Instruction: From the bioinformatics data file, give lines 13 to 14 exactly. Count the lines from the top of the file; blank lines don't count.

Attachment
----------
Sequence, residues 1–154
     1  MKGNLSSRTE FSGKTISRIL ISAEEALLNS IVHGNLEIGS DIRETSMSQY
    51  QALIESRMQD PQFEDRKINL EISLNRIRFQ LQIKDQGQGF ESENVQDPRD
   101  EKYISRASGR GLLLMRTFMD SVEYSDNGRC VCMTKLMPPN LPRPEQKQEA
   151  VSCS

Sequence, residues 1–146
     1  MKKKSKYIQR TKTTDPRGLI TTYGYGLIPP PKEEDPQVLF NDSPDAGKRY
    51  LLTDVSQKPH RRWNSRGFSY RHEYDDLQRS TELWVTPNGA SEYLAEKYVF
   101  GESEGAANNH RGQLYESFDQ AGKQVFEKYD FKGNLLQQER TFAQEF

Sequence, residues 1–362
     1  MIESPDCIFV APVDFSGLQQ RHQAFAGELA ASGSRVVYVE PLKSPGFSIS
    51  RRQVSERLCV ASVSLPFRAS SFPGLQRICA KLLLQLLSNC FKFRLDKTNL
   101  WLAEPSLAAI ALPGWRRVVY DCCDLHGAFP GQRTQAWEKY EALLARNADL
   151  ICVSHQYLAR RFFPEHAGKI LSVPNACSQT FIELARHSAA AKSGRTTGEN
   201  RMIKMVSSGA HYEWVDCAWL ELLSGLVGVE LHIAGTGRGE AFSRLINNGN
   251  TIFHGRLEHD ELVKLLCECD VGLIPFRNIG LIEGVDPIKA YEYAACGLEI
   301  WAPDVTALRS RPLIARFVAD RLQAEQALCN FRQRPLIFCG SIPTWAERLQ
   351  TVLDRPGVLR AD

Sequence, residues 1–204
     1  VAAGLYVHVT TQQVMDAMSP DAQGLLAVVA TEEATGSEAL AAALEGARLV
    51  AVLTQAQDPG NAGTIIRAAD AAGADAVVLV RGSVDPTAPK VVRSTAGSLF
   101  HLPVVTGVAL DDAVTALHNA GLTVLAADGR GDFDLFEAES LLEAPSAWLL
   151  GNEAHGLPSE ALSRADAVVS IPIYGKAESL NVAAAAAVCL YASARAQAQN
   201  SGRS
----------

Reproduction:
   101  WLAEPSLAAI ALPGWRRVVY DCCDLHGAFP GQRTQAWEKY EALLARNADL
   151  ICVSHQYLAR RFFPEHAGKI LSVPNACSQT FIELARHSAA AKSGRTTGEN